The captain did not answer. The cans before him opened at a pressure.

The Fox said, shortly, “Stew! Sorry, but the food situation is short.”

“I know,” said the captain. He ate quickly; not looking up.

The Fox said, “I once saw you. I’m trying to remember, and the beard is definitely out of the picture.”

“I haven’t shaved in thirty days.” Then, fiercely, “What do you want? I had the correct passwords. I have identification.”

The other waved a hand, “Oh, I’ll grant you’re Pritcher all right. But there are plenty who have the passwords, and the identifications, and the identities – who are with the Mule. Ever hear of Levvaw, eh?”

“Yes.”

“He’s with the Mule.”

“What? He-“

“Yes. He was the man they called ‘No Surrender.’” The Fox’s lips made laughing motions, with neither sound nor humor. “Then there’s Willig. With the Mule! Garre and Noth. With the Mule! Why not Pritcher as well, eh? How would I know?”

The captain merely shook his head.

“But it doesn’t matter,” said the Fox, softly. “They must have my name, if Noth has gone over – so if you’re legitimate, you’re in more new danger than I am over our acquaintanceship.”

The captain had finished eating. He leaned back, “If you have no organization here, where can I find one? The Foundation may have surrendered, but I haven’t.”

“So! You can’t wander forever, captain. Men of the Foundation must have travel permits to move from town to town these days. You know that? Also identity cards. You have one? Also, all officers of the old Navy have been requested to report to the nearest occupation headquarters. That’s you, eh?”

“Yes.” The captain’s voice was hard. “Do you think I run through fear. I was on Kalgan not long after its fall to the Mule. Within a month, not one of the old warlord’s officers was at large, because they were the natural military leaders of any revolt. It’s always been the underground’s knowledge that no revolution can be successful without the control of at least part of the Navy. The Mule evidently knows it, too.”

The Fox nodded thoughtfully, “Logical enough. The Mule is thorough.”

“I discarded the uniform as soon as I could. I grew the beard. Afterwards there may be a chance that others have taken the same action.”

“Are you married?”

“My wife is dead. I have no children.

“You’re hostage-immune, then.”

“Yes.”

“You want my advice?”

“If you have any.”

A don’t know what the Mule’s policy is or what he intends, but skilled workers have not been harmed so far. Pay rates have gone up. Production of all sorts of nuclear weapons is booming.”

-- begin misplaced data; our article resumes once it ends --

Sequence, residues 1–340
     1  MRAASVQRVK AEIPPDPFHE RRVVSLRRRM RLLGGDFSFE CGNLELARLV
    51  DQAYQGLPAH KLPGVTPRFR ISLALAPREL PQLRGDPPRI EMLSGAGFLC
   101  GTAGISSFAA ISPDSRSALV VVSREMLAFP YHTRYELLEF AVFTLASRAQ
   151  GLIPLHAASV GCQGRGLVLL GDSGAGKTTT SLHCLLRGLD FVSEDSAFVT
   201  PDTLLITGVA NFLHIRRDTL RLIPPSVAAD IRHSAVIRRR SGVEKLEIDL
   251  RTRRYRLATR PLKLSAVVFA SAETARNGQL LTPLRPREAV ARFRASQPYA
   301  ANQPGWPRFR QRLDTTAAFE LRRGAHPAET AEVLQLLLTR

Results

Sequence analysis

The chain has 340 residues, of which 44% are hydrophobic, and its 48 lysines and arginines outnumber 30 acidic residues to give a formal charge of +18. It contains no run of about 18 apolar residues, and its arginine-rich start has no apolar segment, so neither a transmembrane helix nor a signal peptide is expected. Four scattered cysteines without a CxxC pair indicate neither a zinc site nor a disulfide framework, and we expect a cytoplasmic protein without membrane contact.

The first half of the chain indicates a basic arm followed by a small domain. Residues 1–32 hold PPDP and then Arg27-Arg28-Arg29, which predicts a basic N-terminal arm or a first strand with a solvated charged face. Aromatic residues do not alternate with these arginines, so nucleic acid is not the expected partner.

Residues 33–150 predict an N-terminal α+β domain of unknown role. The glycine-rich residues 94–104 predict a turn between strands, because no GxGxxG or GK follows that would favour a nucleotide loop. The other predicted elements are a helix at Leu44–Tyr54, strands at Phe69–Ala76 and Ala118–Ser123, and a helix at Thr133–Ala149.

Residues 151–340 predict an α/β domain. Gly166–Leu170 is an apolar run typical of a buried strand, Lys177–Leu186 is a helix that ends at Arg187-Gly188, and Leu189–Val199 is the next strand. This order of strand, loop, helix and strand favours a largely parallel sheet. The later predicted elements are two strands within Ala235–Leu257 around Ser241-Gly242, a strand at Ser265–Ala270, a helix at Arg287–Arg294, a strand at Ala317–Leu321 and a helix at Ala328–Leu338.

“Yes? Sounds like a continuing offensive.”

“I don’t know. The Mule’s a subtle son of a drab, and he may merely be soothing the workers into submission. If Seldon couldn’t figure him out with all his psychohistory, I’m not going to try. But you’re wearing work clothes. That suggests something, eh?”

“I’m not a skilled worker.”

“You’ve had a military course in nucleics, haven’t you?”

“Certainly.”

“That’s enough. The Nuclear-Field Bearings, Inc., is located here in town. Tell them you’ve had experience. The stinkers who used to run the factory for Indbur are still running it – for the Mule. They won’t ask questions, as long as they need more workers to make their fat hunk. They’ll give you an identity card and you can apply for a room in the Corporation’s housing district. You might start now.”

In that manner, Captain Han Pritcher of the National Fleet became Shield-man Lo Moro of the 45 Shop of Nuclear-Field Bearings, Inc. And from an Intelligence agent, he descended the social scale to “conspirator”- a calling which led him months later to what had been Indbur’s private garden,

In the garden, Captain Pritcher consulted the radometer in the palm of his hand. The inner warning field was still in operation, and he waited. Half an hour remained to the life of the nuclear bomb in his mouth. He rolled it gingerly with his tongue.

The radometer died into an ominous darkness and the captain advanced quickly.

So far, matters had progressed well.

He reflected objectively that the life of the nuclear bomb was his as well; that its death was his death – and the Mule’s death.

And the grand climacteric of a four-month’s private war would be reached; a war that had passed from flight through a Newton factory

For two months, Captain Pritcher wore leaden aprons and heavy face shields, till all things military had been frictioned off his outer bearing. He was a laborer, who collected his pay, spent his evenings in town, and never discussed politics.

For two months, he did not see the Fox.